Through different avenues of media, I was able to educate myself on the perils that come with mental health neglect, as well as how many people in the African diaspora fall victim to not getting the help that they deserve. I’ve read psychology journals about black mental health and read novels about one’s journey to find themselves and better their thinking. I’ve scoured the internet and watched countless YouTube videos on young women and men sharing their experiences with mental health and professionals trying to give their expertise on how to heal deep wounds. However, I never really ventured into media that was solely audio.
I hadn’t started getting into podcasts until earlier this year. A friend of mine and I were having one of our weekly conversations about working through certain issues. Although she is around the same age as me, I see her as a mentor of some sort. Our emotions sync up like a menstrual cycle (sorry for the comparison). We will feel the exact same thing around the exact same time. Past trauma? If I’m thinking it, she’s thinking it as well. Ex-boyfriend trouble? There she is feeling the same pain. As we sat and sipped hot chocolate, she asked me how I was doing. With some people if I’m asked the same question, I’ll just lie and say, “oh yeah, I’m good.” With this girl, I am able to tell her how I’m really feeling, and nine times out of ten, she’s felt the same way at some point. I was pouring out my heart to her, talking about all the feelings that were trapped in my head waiting to exhale. She told me that I needed some peace of mind; that sometimes it was okay to sit down, breathe, and listen. She then mentioned these podcasts that she had started listening to earlier in the week that had really given her food for thought.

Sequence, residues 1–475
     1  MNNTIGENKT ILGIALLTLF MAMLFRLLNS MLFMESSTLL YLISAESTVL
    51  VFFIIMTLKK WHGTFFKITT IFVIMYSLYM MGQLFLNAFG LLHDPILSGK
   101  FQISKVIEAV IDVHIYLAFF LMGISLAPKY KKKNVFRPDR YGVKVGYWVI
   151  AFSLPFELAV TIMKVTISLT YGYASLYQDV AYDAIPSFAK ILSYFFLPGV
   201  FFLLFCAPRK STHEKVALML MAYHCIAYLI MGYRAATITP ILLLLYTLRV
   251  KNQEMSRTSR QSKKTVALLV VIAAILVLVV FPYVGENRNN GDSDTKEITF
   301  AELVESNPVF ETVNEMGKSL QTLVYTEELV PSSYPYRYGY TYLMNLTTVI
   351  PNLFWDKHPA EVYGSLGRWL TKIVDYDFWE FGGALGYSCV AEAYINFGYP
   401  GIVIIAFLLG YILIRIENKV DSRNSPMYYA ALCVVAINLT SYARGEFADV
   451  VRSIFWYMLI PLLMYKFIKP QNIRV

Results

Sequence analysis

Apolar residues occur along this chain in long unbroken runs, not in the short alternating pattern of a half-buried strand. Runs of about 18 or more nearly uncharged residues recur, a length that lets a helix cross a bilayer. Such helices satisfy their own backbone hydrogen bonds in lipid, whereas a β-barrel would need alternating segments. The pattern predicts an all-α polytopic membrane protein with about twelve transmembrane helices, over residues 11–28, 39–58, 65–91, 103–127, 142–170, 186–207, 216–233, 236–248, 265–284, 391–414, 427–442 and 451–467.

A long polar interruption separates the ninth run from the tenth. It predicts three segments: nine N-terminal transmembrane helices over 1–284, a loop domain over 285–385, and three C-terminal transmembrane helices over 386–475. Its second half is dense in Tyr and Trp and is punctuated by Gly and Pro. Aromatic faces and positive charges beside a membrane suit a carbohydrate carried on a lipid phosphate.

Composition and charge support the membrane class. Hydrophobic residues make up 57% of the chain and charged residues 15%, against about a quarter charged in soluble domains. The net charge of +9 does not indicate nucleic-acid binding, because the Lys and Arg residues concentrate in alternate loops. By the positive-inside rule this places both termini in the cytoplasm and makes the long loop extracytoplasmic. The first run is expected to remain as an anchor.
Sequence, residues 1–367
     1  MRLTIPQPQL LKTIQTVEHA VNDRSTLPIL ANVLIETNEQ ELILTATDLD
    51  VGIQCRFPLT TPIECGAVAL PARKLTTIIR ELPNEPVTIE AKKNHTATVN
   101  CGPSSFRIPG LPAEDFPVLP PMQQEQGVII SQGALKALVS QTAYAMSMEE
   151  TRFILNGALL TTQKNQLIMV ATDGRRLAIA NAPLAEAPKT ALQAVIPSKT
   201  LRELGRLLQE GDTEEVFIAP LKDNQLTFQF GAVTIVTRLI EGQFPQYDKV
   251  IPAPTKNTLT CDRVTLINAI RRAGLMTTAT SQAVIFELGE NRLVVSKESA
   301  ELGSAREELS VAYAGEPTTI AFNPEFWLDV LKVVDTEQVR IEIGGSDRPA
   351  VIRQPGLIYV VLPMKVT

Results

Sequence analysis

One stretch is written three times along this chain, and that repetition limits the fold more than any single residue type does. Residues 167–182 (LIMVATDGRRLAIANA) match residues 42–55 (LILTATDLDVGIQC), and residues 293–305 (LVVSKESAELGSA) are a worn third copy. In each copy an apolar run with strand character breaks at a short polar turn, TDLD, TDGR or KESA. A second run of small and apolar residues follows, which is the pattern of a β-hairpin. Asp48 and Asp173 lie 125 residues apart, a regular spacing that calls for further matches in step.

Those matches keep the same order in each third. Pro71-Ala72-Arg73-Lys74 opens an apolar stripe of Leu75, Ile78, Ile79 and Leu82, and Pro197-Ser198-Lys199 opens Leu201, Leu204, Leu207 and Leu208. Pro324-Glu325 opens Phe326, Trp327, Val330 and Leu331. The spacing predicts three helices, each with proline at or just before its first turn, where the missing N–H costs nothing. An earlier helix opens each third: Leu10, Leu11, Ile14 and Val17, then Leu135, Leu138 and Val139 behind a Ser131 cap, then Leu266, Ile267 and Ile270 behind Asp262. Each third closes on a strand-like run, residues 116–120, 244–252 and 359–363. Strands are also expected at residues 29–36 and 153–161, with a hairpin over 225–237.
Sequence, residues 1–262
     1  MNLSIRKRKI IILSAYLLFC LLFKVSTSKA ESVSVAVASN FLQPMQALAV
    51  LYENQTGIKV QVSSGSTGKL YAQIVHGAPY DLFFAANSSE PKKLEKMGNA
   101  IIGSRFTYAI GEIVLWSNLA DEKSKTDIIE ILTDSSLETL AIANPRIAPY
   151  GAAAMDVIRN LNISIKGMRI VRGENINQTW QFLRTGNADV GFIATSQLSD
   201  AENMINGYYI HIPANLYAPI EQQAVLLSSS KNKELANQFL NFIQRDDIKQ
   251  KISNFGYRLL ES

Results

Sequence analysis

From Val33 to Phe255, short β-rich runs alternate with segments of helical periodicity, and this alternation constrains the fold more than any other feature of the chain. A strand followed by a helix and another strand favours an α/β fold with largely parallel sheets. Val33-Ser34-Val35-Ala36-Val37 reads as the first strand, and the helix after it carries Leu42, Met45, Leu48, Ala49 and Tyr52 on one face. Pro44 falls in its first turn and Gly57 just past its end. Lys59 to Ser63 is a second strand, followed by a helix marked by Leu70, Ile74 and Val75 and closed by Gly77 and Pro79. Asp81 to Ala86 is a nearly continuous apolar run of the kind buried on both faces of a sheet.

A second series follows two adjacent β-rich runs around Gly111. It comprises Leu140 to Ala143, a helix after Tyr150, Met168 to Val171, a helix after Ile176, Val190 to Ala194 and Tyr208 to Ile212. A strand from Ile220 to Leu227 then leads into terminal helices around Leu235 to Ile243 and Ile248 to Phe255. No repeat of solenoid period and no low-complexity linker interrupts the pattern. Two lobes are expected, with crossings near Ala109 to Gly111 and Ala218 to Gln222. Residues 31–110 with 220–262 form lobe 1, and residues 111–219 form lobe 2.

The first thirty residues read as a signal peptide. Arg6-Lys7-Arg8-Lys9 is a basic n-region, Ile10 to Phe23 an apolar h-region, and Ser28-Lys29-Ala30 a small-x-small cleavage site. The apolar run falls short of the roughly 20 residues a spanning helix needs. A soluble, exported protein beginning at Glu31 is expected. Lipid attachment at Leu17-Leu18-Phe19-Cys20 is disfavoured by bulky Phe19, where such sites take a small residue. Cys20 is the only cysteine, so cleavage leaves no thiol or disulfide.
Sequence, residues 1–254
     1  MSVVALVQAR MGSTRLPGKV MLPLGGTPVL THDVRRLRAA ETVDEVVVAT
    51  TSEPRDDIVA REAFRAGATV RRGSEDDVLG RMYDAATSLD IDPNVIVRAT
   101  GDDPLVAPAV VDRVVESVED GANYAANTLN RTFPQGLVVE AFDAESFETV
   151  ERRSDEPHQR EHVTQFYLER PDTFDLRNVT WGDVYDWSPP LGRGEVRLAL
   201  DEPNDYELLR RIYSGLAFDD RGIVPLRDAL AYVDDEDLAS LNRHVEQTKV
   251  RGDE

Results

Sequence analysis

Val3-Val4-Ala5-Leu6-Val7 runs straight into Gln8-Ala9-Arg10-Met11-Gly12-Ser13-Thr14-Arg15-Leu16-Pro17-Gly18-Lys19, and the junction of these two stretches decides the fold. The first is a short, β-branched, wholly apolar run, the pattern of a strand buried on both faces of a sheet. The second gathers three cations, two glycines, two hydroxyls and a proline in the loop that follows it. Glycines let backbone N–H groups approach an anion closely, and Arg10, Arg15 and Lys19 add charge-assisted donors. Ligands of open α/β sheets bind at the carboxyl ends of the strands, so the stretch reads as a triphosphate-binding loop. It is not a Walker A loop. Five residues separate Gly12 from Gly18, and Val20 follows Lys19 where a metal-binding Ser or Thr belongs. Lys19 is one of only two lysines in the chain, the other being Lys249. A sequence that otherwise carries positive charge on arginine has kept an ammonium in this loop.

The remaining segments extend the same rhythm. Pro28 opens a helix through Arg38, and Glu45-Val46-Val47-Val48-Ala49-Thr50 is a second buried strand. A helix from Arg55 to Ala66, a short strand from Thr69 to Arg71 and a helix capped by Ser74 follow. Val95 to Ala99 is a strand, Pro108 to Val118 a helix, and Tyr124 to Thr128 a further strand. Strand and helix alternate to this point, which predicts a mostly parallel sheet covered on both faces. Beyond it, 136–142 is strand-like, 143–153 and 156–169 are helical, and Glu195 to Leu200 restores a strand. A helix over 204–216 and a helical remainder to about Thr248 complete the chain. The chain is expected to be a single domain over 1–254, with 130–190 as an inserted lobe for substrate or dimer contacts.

Therapy for Black Girls